What Are The Signs & Symptoms Of High Blood Sugar Levels
Signs of high blood sugar levels include:
- Peeing a lot: The kidneys respond by flushing out the extra glucose in urine. People with high blood sugar need to pee more often and in larger amounts.
- Drinking a lot: Someone losing so much fluid from peeing that often can get very thirsty.
- Losing weight even though your appetite has stayed the same: If there isnât enough insulin to help the body use glucose, the body breaks down muscle and stored fat instead in an attempt to provide fuel to hungry cells.
- Feeling tired: Because the body canât use glucose for energy properly, a person may feel unusually tired.
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Low Blood Glucose During Sleep
Your blood glucose level can drop while you sleep and stay low for several hours, causing serious problems.7 Symptoms of low blood glucose while you sleep can include
Although you may not wake up or notice any symptoms, low blood glucose can interfere with your sleep, which may affect your quality of life, mood, and ability to work. Having low blood glucose during sleep can also make you less likely to notice and respond to symptoms of low blood glucose during the day.
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Are Some People More Susceptible To Blood Sugar Crashes Than Others
Have you ever noticed that youâre suffering from a terrible afternoon slump, when your lunch companion who ate exactly the same meal seems just fine?
We saw blood sugar crashes in plenty of our PREDICT participants, who underwent continuous glucose monitoring for two weeks. But they were more common in some people than others. And even identical twins, who share all their genes, could have different glucose responses after eating the same foods.
The mechanism behind blood sugar crashes isnât fully understood, and it may vary between people. One theory is that if your blood sugar levels are not well controlled, the insulin-secreting cells in your pancreas can become damaged and don’t produce enough insulin as your blood sugar begins to rise after eating. In response, your body âpanicsâ and releases excessive insulin later on, causing a crash.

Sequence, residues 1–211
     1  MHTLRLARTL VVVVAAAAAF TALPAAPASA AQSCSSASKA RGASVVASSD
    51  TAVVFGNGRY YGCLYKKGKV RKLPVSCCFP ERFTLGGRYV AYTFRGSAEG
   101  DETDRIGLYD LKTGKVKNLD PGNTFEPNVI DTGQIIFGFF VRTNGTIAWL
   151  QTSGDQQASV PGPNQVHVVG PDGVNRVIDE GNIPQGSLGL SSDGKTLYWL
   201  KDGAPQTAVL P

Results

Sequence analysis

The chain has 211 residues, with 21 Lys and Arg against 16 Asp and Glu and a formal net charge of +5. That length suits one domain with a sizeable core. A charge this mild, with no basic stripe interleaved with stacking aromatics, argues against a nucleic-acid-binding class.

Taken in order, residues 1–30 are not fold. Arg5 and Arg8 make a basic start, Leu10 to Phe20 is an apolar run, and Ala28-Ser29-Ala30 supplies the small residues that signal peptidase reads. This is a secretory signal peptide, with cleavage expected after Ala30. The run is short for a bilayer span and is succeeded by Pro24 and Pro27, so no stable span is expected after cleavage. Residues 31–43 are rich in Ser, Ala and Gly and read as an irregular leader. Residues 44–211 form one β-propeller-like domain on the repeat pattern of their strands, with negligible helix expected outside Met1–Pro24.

Another idea is that your blood sugar responses depend on the microbes that live in your gut. We all have a unique set of microbes, so we all process our food differently, causing unique responses to food, even when we’ve eaten precisely the same thing.
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How Can I Prevent Low Blood Sugar
Your best bet is to practice good diabetes management and learn to detect hypoglycemia so you can treat it earlybefore it gets worse.
Monitoring blood sugar, with either a meter or a CGM, is the tried and true method for preventing hypoglycemia. Studies consistently show that the more a person checks blood sugar, the lower his or her risk of hypoglycemia. This is because you can see when blood sugar levels are dropping and can treat it before it gets too low.
If you can, check often!
- Check before and after meals.
- Check before and after exercise .
- Check before bed.
- After intense exercise, also check in the middle of the night.
- Check more if things around you change such as, a new insulin routine, a different work schedule, an increase in physical activity, or travel across time zones.
Blood Sugar And Sleep Problems
Sleep can affect your blood sugar levels, and your blood glucose control can also affect your sleep. Its a vicious cycle.
As the amount of sleep decreases, blood sugar increases, escalating the issue. Lack of sleep has been shown to increase blood sugar levels and the risk of diabetic issues. Higher blood sugar means less long-lasting fat metabolism in the night and even less sleep.
Researchers at Boston University School of Medicine found that people who slept less than 6 hours a night had more blood sugar complications compared to those who received 8 hours of sleep.
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When To See A Doctor
A person with diabetes should see their doctor regularly to monitor and manage their diabetes.
They may also wish to consult a doctor who specializes in treating new or worsening fatigue that interferes with daily life.
People should seek medical attention for fatigue that occurs alongside other symptoms, such as fever, chills, or malaise, as these could indicate an infection.
If A Person Is Unconscious
If a person loses consciousness because of severe hypoglycaemia, they need to be put into the recovery position and given an injection of the hormone glucagon . The injection will raise their blood glucose level.
The injection should be carried out by a friend or family member who knows what theyre doing, or by a trained healthcare professional.
You should dial 999 to request an ambulance if:
- a glucagon injection kit isnt available
- theres nobody available whos trained to give the injection
- the injection is ineffective after 10 minutes
Never try to put food or drink into the mouth of someone whos unconscious as they could choke.
If youre able to give a glucagon injection and the person regains consciousness, they should eat some longer-acting carbohydrate food, such as a few biscuits, a cereal bar or a sandwich.
You should continue to monitor the person for signs of recurring symptoms in case they need to be treated again.